Opinion: How to Save Our Economy, Create Jobs, Stop Global Warming and Rescue Detroit

Posted on June 5, 2012 by

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Now THAT’s stimulating!

keywords: batteries, nuclear energy, stimulus spending

Liberal economists want to “Invest” in stimulus spending.

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Step 1: Borrow 1 trillion dollars

Scary. I was inspired to write this essay because I’m concerned  liberal economists like Paul Krugman and Larry Summers will prevail in their effort to convince the President and Congress to increase stimulus spending by trillions of dollars. This plan is my answer to the question “if we’re going to spend like drunken sailors how can we do it in the best way?”

Step 2: Build 50 x 1 Gigawatt nuclear power plants

With $1T we can build 50 plants.

It costs China $1,600/killowatt to build a reactor. We’ll assume it’ll costs 25% more in the US, or about $2B for each. This estimate may be optimistic, because there are suggestions that the real cost is between $6 and $9B in the US. I’m hoping that if we build 50, we’ll leverage an economy of scale to get it down closer to the Chinese cost of $1.6B each.

The construction of each reactor creates 5,000 jobs. And each operating reactor supports 800 permanent jobs. That’s 250,000 temporary and 40,000 permanent jobs total.

These 50 reactors will inject 438,000  Gigawatt hours of power per year into the US electric grid. Current usage is 3,741,000 Gigawatt hours. We’ll significant extra capacity. What to do with it? See below.

The AP100, the world’s most popular nuclear power plant design. Designed by Westinghouse and now being constructed in the US and China.

Step 3: Cost-neutral operation

Electric companies operate at about 10% net margin. I’ll assume we can get that to 50% or better because a large component of their cost is the investment in their generating facilities.  The plan is to sell half of the electricity at market rates (about $0.10/kwh), and distribute the other half for free for targeted uses.  More on that below.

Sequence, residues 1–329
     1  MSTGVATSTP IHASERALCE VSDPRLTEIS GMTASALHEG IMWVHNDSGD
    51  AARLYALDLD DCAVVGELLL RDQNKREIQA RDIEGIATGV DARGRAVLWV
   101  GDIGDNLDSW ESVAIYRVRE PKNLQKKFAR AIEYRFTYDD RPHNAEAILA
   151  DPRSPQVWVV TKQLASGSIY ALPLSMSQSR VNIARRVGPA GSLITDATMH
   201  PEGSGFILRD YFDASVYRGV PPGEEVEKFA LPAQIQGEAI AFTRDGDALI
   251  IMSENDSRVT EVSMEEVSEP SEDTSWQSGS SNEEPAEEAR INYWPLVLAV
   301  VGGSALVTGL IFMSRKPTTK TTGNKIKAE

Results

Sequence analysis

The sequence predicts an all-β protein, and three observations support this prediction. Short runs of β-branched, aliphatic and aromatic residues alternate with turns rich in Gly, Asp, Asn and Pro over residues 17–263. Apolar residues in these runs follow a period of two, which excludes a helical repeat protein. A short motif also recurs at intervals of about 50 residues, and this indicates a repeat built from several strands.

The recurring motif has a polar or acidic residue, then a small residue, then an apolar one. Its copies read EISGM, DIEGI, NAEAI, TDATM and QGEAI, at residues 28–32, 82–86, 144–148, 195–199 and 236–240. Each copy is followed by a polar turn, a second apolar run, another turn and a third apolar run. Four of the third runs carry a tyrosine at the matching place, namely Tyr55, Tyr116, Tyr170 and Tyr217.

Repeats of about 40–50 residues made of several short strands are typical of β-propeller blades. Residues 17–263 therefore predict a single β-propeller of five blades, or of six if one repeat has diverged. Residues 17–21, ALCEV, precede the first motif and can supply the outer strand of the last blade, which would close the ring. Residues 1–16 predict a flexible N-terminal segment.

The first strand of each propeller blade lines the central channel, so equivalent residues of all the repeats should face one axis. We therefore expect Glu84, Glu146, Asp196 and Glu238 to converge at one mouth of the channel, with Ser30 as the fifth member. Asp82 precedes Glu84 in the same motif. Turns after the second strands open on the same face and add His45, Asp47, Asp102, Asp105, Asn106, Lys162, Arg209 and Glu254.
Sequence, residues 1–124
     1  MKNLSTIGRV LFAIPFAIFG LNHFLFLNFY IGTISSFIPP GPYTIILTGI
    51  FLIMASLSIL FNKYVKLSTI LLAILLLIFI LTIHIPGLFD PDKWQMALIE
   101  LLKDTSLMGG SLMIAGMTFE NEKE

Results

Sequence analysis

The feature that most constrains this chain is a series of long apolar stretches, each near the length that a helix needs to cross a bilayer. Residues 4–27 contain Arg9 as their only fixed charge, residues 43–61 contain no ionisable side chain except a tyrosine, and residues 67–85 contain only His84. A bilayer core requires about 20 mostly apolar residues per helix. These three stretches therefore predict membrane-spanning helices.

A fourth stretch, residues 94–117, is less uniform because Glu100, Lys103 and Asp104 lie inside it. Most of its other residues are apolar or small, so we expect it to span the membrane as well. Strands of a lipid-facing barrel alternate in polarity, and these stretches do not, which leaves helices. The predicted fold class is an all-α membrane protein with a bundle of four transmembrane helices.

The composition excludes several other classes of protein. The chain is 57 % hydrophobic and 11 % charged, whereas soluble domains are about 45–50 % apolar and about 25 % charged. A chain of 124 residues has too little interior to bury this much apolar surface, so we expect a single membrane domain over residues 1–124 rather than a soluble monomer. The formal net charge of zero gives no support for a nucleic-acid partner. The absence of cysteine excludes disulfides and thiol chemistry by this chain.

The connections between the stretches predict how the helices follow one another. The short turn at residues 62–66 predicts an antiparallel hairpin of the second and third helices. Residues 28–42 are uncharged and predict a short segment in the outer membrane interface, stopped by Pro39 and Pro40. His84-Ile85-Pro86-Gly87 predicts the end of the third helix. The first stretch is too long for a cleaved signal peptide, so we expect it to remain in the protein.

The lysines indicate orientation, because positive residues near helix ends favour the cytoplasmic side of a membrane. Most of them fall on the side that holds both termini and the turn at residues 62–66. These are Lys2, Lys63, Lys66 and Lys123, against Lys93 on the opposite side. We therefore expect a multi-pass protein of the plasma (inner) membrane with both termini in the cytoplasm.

This will provide about $22B/year to operate the 50 plants.

Step 4: Create a national standard and infrastructure for car battery exchange 

This might seem like a non-sequitir because we were just talking about nuclear power. But bear with me…

Back to batteries: The problem with electric cars is that you can’t really drive anywhere with them. They can go maybe 100 miles before needing a recharge. Drivers of these cars are always concerned about how many miles they have left. And it takes overnight to complete a charge.

What if we had a national network of “filling stations” but instead of gas, they had batteries? It would work something like the way you trade out an empty tank to fuel your grill. They’d take out your discharged battery and replace it with one that is fully charged.

If we could make battery swapping easy, magic things would happen.

Propane exchange.

This will mean people won’t have to be nervous about running out of power while on a longer trip.

There are other implications as well: The long term costs and logistics of maintaining and replacing them when they get old will be transferred to these “gas” stations (just like the propane tank companies recharge and replace empty tanks). The big win for the car owner, is that as batteries become lighter and more efficient, these batteries will find their way into this new economy. Car owners won’t have to pay a hefty price to replace them in their car.

This new economy in batteries will drive innovation in power density and cost.

Step 4: Offer free electricity to electric car owners

This is the kicker. That’s right, make the cost of powering an electric car ZERO. The electricity will come from the spare capacity of our 50 nuclear power plants.

What will happen

The demand for electric cars will skyrocket. After all who wouldn’t want “free gas.” This demand will drive the quality of electric cars up, and the cost down. It will create hundreds of thousands of new jobs in manufacturing. The number of fossil fuel driven cars on the road will decrease and carbon emissions will drop.

If we have to spend a trillion dollars in stimulus, that’s how I’d do it.

Can it really work?

I think so, but it would require a political miracle to pull off. In the end even if we can’t make this work I hope this crazy idea might get some others thinking too. How would you spend a trillion dollars?

One last thought: What if we spent $10 trillion?

As long as we’re spending like a drunken sailor: What if we built 500 nuclear power plants instead of only 50? This might be going a bit too far, but here’s what could happen:

  • 100% of our nation’s electricity would be supplied by nuclear power
  • No coal, no foreign oil (for electricity anyways)
  • Carbon emissions… zero
  • We’d be able to power a significant portion of our transportation infrastructure with electricity and the rest with much less expensive oil (less expensive because of the lower demand)

Some references:

Disclosure

Tucker Balch loves gas guzzling muscle cars.

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